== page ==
Waaswa Completes CALS Peer Mentoring Program
Andrew Waaswa, an AEE doctoral student within the Department of Agricultural and Human Sciences (AHS), successfully completed the CALS Peer Mentoring Program as part of the Graduate Peer Mentoring Collaborative. This Graduate Peer Mentoring Collaborative further develops the mentoring skills of doctoral students in the College of Humanities and Social Sciences, College of Veterinary Medicine, and the College of Agriculture and Life Sciences. It allows the student to: (a) serve as peer mentors to their fellow graduate students, (b) mentor current or future undergraduates and others they may supervise, (c) be active mentees in relationships with their own mentors. During the AHS departmental Fall 2022 orientation meeting, he introduced the program to new doctoral students, which resulted in two students enrolling in the program.
Waaswa expressed “Participating in the graduate peer mentoring collaborative program as a mentor has been so rewarding because I desire to become a future agricultural leader. The program has developed and honed my skills which I can easily use in stakeholder engagement and support any program participant at any level.” Through training sessions and working with mentees, Waaswa has become more aware of the roles and responsibilities of mentoring other peers and students.
As part of the program, Waaswa learned how to help students develop a sense of community, navigate challenging conversations, foster diversity, equity, and inclusion, build up trustful relationships, become an active listener, and tailor advice to mentees’ specific needs, challenges, and goals. One of the significant outcomes of the program was that one of Waaswa’s’ mentees got interested and applied to become a mentor. The mentee will also present an innovative poster at the American Association for Agricultural Education (AAAE) conference in Raleigh, NC. Waaswa stated “I felt a sense of achievement when I learned that they were considered and also developed an innovative poster to share the uniqueness of the graduate peer mentoring program and its potential in helping graduate students navigate studies and personal challenges.”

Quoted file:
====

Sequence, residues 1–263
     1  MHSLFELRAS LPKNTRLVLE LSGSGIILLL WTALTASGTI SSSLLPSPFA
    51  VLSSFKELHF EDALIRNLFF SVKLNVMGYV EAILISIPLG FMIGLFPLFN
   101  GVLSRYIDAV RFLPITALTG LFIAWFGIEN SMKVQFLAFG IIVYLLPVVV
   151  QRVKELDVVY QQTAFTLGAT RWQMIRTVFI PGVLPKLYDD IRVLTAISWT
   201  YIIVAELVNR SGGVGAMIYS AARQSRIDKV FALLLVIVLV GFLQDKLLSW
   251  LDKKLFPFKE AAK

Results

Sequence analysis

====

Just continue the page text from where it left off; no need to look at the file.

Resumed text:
This showcases the uniqueness of the graduate peer mentoring program and its potential in helping graduate students navigate studies and personal challenges. Many of Waaswa’s CALS peer mentees have testified that the program contributed to their well-being and success in graduate school, and they gained a lot. Waaswa hopes to apply the skills he learned from the program when working with farmers, leaders in the agricultural industry, and other stakeholders to foster agricultural and rural development across the globe.